* Amend those to your needs.
 */
const yourGitHubUsername = "WojciechMatuszewski";
const yourGitHubRepoName = "github-oidc-aws-cdk-example";
const yourGitHubBranchName = "main";

const applicationDeployerRole = new aws_iam.Role(this, "applicationDeployerRole", {
  assumedBy: new iam.WebIdentityPrincipal(
    gitHubOIDCProvider.openIdConnectProviderArn,
    {
      StringLike: {
        "token.actions.githubusercontent.com:sub":
          // Notice the `ref:refs`. The `s` in the second `ref` is important!
          `repo:${yourGitHubUsername}/${yourGitHubRepoName}:ref:refs/heads/${yourGitHubBranchName}`
      }
    }
  ),
  inlinePolicies: {
    allowAssumeOnAccountB: new aws_iam.PolicyDocument({
      statements: [
        new aws_iam.PolicyStatement({
          effect: iam.Effect.ALLOW,
          actions: ["sts:AssumeRole"],
          resources: ["arn:aws:iam::ACCOUNT_B_ID:role/*"]
        })
      ]
    })
  }
});
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There are two essential things to notice in this code snippet.

  1. The conditions on the policy are very important. They make it so that untrusted repositories can't request the applicationDeployerRole access tokens.

  2. The allowAssumeOnAccountB policy statement. Since we will use this role in a multi-account setup, we need to grant the role permissions to assume roles defined in account A. This policy statement is not needed when deploying both stacks in the single account.


With the stack deployed, copy the ARN of the applicationDeployerRole – you will need it later.

Let us move to the "application" stack.

The application stack

By default the AWS CDK bootstrapping process creates, amongst other resources, five IAM roles related to the deployment process.
You can learn more about them in the AWS Documentation – mainly the "Roles" section.

AWS CDK bootstrap roles

What is more, those roles have a trust relationship with the whole AWS account the stack was bootstrapped it (configurable). This makes it so that, in theory, an untrusted IAM entity could deploy the application at will.

We will change the AWS CDK bootstrapping template so that only the "deployer" role can assume the roles AWS CDK creates.

Let us get started.

Modifying the bootstrap template

Check out the AWS documentation for how to customize AWS CDK bootstrapping process further.

The first step is to get the bootstrapping template. Luckily AWS CDK bootstrap command exposes the --get-template flag.

npm run cdk bootstrap -- --get-template
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The second step is to amend the trust relationship of the roles in the bootstrap template. Instead of having the whole AWS account as a principal, we will set it to the "deployer" role ARN.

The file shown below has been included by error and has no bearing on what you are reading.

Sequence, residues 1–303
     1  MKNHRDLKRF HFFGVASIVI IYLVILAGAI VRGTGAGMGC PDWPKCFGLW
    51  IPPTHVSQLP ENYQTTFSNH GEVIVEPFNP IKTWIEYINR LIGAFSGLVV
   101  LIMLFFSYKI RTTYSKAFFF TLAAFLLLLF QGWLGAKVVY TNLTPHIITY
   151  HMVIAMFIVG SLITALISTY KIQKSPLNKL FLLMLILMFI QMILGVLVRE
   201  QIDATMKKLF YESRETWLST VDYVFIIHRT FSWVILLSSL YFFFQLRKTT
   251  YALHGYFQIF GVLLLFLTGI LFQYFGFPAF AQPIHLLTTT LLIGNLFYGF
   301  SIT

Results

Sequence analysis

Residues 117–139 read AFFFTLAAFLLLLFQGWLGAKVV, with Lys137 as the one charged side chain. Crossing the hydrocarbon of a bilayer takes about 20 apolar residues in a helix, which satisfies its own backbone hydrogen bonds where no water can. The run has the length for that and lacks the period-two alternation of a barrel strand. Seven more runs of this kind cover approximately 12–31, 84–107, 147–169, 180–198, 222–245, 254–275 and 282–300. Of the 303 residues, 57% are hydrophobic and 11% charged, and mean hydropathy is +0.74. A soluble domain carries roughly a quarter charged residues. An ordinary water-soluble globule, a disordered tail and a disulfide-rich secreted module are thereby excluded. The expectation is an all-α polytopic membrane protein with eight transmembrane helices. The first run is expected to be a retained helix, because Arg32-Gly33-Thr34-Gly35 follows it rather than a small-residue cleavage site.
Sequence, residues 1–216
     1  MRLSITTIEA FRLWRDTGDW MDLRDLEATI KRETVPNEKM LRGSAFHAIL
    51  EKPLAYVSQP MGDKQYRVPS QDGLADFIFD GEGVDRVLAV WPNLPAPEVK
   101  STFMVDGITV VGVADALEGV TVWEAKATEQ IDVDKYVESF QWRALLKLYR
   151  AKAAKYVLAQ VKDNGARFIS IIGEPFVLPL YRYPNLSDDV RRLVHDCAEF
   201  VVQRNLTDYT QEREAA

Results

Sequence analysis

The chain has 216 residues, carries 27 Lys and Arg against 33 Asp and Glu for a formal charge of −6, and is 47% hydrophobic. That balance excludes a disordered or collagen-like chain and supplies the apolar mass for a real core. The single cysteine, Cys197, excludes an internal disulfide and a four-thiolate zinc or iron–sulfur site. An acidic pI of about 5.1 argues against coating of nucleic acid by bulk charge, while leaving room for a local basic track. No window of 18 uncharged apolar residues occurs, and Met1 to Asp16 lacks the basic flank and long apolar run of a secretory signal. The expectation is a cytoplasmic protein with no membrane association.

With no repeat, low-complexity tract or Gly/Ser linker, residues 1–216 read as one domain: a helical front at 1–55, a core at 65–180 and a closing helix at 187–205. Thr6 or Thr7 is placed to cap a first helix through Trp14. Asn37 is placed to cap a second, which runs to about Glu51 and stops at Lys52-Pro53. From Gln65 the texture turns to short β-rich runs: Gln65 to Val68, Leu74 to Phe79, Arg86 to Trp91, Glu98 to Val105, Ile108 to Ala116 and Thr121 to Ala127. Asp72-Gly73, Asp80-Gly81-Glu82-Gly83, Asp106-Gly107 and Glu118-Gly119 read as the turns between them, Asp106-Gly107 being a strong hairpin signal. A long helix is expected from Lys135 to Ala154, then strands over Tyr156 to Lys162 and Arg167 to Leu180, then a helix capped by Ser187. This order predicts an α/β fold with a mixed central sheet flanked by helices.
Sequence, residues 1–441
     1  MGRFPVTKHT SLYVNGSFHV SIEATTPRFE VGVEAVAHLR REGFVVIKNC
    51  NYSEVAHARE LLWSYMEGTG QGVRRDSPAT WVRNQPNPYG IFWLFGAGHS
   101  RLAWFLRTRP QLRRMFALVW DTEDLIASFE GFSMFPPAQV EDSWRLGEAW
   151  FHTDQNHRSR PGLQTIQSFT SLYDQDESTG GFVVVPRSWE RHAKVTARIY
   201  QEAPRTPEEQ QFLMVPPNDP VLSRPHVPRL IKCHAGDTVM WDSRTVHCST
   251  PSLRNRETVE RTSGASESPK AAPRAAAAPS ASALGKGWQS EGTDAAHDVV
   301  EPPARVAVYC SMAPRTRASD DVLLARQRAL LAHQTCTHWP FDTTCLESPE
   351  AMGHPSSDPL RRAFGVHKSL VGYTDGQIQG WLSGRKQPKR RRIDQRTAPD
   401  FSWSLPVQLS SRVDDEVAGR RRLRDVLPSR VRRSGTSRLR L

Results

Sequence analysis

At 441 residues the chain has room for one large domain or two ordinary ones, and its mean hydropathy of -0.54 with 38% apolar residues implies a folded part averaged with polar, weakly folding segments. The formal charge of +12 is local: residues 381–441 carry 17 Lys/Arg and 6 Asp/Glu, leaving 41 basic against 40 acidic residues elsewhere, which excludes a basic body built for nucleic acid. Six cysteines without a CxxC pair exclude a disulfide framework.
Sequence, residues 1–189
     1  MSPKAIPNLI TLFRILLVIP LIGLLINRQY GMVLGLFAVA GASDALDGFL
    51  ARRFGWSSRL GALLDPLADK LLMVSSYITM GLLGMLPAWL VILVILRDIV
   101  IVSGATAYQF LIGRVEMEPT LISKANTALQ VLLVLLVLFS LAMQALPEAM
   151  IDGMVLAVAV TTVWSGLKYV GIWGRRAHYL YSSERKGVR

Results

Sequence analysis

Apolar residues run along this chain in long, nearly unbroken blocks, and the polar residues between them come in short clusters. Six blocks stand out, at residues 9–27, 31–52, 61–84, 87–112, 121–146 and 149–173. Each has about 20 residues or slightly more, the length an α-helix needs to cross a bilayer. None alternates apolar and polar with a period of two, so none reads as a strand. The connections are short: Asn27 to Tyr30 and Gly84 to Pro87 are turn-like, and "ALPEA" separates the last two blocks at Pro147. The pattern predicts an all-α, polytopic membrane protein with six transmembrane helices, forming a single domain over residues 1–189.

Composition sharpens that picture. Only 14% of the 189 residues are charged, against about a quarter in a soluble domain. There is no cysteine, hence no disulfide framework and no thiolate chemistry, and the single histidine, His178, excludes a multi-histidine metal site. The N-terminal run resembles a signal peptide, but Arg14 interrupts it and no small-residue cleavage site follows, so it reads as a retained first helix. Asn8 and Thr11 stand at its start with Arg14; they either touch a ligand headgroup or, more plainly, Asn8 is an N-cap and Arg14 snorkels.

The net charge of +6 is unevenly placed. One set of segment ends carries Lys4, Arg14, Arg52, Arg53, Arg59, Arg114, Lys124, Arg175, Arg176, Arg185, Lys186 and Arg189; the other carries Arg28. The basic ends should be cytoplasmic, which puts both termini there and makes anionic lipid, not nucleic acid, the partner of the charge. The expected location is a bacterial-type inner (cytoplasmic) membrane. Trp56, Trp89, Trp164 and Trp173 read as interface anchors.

For example, here is the unmodified expert from the bootstrapping template containing the FilePublishingRole.

FilePublishingRole:
  Type: AWS::IAM::Role
  Properties:
    AssumeRolePolicyDocument:
      Statement:
        - Action: sts:AssumeRole
          Effect: Allow
          Principal:
            AWS:
              Ref: AWS::AccountId
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To amend the trust relationship so that only the "deployer" IAM role can assume it, change the value of the AWS key under the Principal.

FilePublishingRole:
  Type: AWS::IAM::Role
  Properties:
    AssumeRolePolicyDocument:
      Statement:
        - Action: sts:AssumeRole
          Effect: Allow
-          Principal:
-            AWS:
-              Ref: AWS::AccountId
+          Principal:
+            AWS: DEPLOYER_ROLE_ARN
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Bootstrapping

With the bootstrap template modified, we can run the cdk bootstrap command with a special flag. This flag will tell the AWS CDK to use our modified template as the source of truth for AWS CloudFormation.

npm run cdk bootstrap -- --template YOUR_MODIFIED_TEMPLATE_NAME.yaml
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When the bootstrapping process is successful, we are ready to move into creating GitHub Actions workflow and deploying our application.

Deployment

Okay, it's time we make the last push and deploy our application for the whole world to see. As per the title of this blog post, I will be using GitHub Actions to do that.

Our workflow file will be rather simplistic.

# .github/workflows/deployment.yaml
name: deployment

on:
  push:
    branches:
      - main

jobs:
  deploy:
    runs-on: ubuntu-latest
    permissions:
      id-token: write
      contents: read
    steps:
      - name: Pull repository
        uses: actions/checkout@v2
      - name: Install dependencies
        working-directory: ./application
        run: npm install
      - name: Assume deployer role
        uses: aws-actions/configure-aws-credentials@v1
        with:
          role-to-assume: YOUR_DEPLOYER_ROLE_ARN
          aws-region: eu-west-1 # Do not forget about adjusting the region!